- 2 IS (write about existence itself, or the existence of something, but don’t use the word “is” in your poem).
(Note: This is a harder set of prompts than I’ve seen in years past… but prompts aren’t everything.)
The plan is I’ll put up a post each Wednesday with the past week’s prompts and (hopefully!) the haiku inspired by them. Feel free to add your own down in the comments.
(OK here’s the part where I post some of my poetry. I’m not the world’s greatest poet, but I do try.)
A couple of years back, the daily prompts Nervously and Nakedly eventually lead me to this haiku… (The prompts occurred near the anniversary of my proposing to my then-girlfriend now-wife.)
heart bared – hoping
Since it’s not about nature or the seasons, it’s technically a senryu rather than a haiku. (See the Haiku Society of America’s definition of senryu.) A lot of English haiku are actually senryu, mostly because of the cultural history of English poetry.
But it does illustrate an important principle… The prompts are just ideas, starting points, signs saying “trailhead here”. An even odder example:
dust, ancient cobwebs
I bet you’d never guess the prompt here was Ladders… In the Navy (which I spent ten years in), “ladder” means “stairway”, and so that’s where my mind went. This is also a rare example of a poem that leapt to mind almost fully formed. In the end, all I did was swap the first and last lines.
I posted the haiku to a haiku group on Facebook, and someone posted an alternative version with a sense of “time’s arrow” and after I worked with that idea for a while… I came up with an alternate version of my own:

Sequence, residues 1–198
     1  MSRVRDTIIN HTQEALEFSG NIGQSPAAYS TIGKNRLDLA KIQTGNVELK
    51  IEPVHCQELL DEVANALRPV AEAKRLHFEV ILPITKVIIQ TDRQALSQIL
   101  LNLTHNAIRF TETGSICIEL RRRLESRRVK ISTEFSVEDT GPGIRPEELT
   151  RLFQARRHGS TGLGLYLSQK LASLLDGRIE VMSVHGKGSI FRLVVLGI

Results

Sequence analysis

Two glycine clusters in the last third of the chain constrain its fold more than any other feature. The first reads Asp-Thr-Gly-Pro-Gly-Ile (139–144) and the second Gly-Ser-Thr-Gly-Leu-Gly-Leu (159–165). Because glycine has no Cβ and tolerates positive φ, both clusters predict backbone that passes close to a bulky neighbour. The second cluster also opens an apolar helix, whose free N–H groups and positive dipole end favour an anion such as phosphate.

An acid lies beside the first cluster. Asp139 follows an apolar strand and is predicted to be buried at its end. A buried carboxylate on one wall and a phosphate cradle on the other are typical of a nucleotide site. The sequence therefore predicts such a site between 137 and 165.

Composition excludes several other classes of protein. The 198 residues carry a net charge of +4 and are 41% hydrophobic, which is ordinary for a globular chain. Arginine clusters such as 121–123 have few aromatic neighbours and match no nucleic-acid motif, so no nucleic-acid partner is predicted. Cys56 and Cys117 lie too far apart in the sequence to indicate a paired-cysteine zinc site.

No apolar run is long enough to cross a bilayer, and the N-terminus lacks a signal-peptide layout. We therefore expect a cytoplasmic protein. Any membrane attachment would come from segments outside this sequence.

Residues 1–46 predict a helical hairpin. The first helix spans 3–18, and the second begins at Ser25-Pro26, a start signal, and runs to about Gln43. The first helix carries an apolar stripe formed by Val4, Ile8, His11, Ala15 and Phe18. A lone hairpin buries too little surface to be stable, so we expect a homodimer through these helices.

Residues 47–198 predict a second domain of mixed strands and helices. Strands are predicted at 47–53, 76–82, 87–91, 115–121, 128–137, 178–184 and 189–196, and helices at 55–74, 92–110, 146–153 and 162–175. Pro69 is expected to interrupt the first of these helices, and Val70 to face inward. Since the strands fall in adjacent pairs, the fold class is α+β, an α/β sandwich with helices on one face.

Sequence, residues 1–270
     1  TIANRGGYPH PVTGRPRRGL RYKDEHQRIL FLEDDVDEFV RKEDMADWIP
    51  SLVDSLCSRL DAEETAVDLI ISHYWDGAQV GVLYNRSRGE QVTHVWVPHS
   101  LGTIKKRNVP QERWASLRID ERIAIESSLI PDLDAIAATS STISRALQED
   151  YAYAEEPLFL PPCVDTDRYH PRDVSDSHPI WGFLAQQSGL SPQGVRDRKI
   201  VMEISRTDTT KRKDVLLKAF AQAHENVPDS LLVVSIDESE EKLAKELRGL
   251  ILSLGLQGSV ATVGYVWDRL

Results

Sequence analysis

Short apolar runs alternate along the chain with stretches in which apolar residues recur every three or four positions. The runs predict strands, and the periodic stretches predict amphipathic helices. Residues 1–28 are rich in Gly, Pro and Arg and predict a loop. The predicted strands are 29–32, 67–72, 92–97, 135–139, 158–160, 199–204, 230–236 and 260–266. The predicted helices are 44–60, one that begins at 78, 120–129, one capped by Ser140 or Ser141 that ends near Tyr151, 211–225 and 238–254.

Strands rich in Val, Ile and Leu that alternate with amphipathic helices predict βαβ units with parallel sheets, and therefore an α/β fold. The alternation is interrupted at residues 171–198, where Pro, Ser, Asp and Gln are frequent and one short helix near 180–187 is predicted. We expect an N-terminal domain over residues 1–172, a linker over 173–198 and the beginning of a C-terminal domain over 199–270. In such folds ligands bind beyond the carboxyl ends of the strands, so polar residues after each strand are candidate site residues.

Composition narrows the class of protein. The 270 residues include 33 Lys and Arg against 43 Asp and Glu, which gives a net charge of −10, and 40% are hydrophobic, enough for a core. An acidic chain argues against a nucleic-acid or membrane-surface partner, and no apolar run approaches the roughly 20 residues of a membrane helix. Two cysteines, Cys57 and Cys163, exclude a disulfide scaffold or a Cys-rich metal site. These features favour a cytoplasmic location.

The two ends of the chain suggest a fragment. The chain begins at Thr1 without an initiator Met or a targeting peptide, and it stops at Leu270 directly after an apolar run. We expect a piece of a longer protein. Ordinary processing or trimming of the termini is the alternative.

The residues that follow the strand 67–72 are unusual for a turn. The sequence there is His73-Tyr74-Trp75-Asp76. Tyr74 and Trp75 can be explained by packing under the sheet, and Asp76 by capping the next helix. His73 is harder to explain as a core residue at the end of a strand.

ancient dust settles
This is actually something that Japanese haiku poets practice – tensaku (to revise or edit), collaboratively working from each others poetry.
And inspiration can come from entirely unexpected directions….
When Leonard Nimoy passed away, many of my friends on Facebook posted pictures of themselves giving the Vulcan salute… which prompted the haiku above. But somehow, I couldn’t leave it at that and eventually I hit on the idea of creating a haiga – a haiku juxtaposed with a related image. If you’re a Star Trek nerd like I am, you’ll probably recognize the inspiration – Spock’s death scene at the end of Star Trek : The Wrath of Khan (and it also ties into his final encounter with Dr McCoy). References and multiple levels of meaning often feature in haiku.
OK, enough about me, let’s wrap this up with some references and links to introductory material that might help you get started – I hope to see some of your haiku next week!
- The process of composing your own haiku – a one page series of short lessons at the Shiki Internet Salon
- Ten tips on writing haiku by Michael Dylan Welch at Haiku World
- A basic series of lessons on writing haiku by Jane Rheingold at AHA Poetry.
- Some more advanced material, also at AHA Poetry.
Jane’s books and writings were my introduction to writing Haiku.
- Essays and advanced material on haiku by Michael Dylan Welch at Graceguts.
Michael’s stuff can be dense going, but it’s very much worth it if you’re serious.